The Adriatic League
The collapse of Yugoslavia created a vacuum for professional basketball in the region. With nations being formed and divided, professional leagues also had to be reformed and created. No longer did the region have one professional league. For a decade, violence and cultural challenges made travel and scheduling hard for the emerging new countries and their professional basketball leagues. In 2001, under great speculation of whether it had any chance to succeed, the Adriatic Basketball Association was formed to bring the professional teams of the region together.
Today, the Adriatic League is made up of the best teams from the six nations that once made up Yugoslavia. The league also includes Hungary and has had other regional teams at times including Maccabi Tel Aviv of Israel. If Vlade Divac and Drazen Petrovic were rising young stars today, they would likely be starting their professional careers in the Adriatic League which continues to be one of the best leagues in the world at developing players.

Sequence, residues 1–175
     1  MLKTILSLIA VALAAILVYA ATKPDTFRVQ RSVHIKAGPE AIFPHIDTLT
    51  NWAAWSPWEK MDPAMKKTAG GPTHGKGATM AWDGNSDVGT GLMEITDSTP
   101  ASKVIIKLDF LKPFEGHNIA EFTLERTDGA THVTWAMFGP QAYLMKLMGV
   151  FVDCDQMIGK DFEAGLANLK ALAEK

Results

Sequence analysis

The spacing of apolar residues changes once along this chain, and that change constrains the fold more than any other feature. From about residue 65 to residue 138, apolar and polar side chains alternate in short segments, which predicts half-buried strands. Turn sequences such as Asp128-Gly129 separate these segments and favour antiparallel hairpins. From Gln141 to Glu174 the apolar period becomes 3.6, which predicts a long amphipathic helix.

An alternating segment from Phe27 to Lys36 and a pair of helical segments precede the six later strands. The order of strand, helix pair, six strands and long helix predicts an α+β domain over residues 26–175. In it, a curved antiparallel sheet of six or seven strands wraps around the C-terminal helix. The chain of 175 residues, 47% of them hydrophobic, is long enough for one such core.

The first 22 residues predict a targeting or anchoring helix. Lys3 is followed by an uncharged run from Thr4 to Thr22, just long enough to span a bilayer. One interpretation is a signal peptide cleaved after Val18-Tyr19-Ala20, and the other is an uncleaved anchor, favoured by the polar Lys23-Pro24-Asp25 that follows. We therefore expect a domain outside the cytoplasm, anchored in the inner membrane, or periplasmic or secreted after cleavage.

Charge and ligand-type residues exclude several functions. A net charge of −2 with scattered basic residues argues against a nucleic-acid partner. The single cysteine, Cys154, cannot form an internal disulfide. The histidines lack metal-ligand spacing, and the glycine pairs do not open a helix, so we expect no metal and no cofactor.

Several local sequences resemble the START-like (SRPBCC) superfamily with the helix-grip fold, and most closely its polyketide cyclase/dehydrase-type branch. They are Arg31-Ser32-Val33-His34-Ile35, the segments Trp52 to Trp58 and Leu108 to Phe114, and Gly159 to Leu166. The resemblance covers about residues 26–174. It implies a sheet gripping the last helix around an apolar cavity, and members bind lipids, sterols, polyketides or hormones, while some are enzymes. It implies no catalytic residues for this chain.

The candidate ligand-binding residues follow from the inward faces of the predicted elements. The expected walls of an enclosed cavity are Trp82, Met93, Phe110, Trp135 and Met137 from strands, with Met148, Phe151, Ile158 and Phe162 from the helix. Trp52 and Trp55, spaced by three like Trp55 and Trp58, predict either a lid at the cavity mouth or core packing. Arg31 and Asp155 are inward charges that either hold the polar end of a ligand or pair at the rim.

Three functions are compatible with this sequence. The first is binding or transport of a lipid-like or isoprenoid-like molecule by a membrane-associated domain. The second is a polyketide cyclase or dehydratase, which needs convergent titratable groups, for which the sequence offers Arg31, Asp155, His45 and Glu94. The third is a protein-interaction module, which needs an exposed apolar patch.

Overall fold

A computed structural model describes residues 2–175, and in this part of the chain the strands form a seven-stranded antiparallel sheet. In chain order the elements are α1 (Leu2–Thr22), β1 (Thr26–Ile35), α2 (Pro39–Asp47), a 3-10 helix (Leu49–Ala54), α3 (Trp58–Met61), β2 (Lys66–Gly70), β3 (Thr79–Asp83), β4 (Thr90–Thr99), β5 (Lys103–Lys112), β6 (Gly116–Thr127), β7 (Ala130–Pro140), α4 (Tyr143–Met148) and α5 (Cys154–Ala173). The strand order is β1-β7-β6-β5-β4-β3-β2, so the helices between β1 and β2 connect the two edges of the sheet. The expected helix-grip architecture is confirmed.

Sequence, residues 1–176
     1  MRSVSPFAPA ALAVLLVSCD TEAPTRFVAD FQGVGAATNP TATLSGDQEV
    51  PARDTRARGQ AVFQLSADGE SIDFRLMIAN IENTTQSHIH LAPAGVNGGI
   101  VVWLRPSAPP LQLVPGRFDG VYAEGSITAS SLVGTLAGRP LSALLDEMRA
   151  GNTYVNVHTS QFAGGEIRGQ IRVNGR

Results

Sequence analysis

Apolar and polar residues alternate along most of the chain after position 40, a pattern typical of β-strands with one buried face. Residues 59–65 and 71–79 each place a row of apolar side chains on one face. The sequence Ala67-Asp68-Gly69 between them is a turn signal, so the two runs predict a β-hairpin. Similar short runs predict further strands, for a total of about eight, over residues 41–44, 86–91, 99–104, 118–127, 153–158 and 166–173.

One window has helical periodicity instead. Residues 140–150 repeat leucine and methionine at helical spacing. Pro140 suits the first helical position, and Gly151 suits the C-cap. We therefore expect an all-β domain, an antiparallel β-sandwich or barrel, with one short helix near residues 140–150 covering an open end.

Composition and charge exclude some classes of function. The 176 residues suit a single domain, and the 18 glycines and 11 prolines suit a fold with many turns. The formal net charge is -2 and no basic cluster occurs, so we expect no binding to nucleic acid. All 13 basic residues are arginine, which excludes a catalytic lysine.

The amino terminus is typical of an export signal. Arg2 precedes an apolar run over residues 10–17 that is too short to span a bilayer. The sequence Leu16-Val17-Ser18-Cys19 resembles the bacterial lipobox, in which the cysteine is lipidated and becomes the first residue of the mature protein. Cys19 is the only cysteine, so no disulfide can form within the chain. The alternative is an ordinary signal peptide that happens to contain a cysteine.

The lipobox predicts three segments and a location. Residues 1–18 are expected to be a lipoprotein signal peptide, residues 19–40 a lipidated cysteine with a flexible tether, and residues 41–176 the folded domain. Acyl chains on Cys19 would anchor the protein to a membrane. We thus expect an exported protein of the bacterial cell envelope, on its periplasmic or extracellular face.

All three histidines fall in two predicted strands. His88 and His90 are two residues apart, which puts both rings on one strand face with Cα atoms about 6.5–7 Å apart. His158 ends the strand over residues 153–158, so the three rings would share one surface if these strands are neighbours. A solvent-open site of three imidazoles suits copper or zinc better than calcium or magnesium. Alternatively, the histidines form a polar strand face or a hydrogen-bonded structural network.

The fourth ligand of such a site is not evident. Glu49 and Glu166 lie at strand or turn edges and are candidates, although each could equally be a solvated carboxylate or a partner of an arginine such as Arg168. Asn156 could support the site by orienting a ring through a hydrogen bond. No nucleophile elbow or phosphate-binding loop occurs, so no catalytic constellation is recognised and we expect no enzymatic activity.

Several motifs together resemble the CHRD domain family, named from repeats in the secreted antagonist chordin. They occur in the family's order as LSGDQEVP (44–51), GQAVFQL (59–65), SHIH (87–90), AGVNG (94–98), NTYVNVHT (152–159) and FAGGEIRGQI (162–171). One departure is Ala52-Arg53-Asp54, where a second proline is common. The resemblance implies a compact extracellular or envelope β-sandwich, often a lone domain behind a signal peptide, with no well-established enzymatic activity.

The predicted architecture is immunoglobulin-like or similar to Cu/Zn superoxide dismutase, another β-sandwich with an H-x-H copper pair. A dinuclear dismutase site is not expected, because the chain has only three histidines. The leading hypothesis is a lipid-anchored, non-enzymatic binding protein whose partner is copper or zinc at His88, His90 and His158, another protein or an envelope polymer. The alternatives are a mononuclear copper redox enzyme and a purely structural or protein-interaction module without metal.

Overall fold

The Adriatic League is not one of the premier professional leagues in Europe, but it is a place where some of the most talented young players get their start. The NBA takes 2-3 players a year on average from the Adriatic league and at least 5 are expected to be taken in the 2014 NBA Draft. When you look at these prospects, it is hard not to look through the lens of history and remember the impact made by the Yugoslav Dream Team. When these players are drafted, teams are not just taking a player on the whim of them reaching some mysterious potential. They are taking players from a league that has now produced All-Star players and World Champions for nearly 25 years.